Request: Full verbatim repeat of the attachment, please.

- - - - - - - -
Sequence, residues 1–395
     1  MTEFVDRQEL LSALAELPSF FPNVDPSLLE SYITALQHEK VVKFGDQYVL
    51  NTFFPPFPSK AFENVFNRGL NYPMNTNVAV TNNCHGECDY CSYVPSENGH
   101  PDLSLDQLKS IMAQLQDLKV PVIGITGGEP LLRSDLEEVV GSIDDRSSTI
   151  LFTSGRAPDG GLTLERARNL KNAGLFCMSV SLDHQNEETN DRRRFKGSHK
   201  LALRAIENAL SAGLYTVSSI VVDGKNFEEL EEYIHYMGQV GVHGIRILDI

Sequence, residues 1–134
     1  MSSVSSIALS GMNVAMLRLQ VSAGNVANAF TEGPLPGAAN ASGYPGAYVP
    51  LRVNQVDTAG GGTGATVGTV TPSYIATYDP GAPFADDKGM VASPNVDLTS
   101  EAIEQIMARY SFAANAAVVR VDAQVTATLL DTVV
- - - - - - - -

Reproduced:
Sequence, residues 1–395
     1  MTEFVDRQEL LSALAELPSF FPNVDPSLLE SYITALQHEK VVKFGDQYVL
    51  NTFFPPFPSK AFENVFNRGL NYPMNTNVAV TNNCHGECDY CSYVPSENGH
   101  PDLSLDQLKS IMAQLQDLKV PVIGITGGEP LLRSDLEEVV GSIDDRSSTI
   151  LFTSGRAPDG GLTLERARNL KNAGLFCMSV SLDHQNEETN DRRRFKGSHK
   201  LALRAIENAL SAGLYTVSSI VVDGKNFEEL EEYIHYMGQV GVHGIRILDI

Sequence, residues 1–134
     1  MSSVSSIALS GMNVAMLRLQ VSAGNVANAF TEGPLPGAAN ASGYPGAYVP
    51  LRVNQVDTAG GGTGATVGTV TPSYIATYDP GAPFADDKGM VASPNVDLTS
   101  EAIEQIMARY SFAANAAVVR VDAQVTATLL DTVV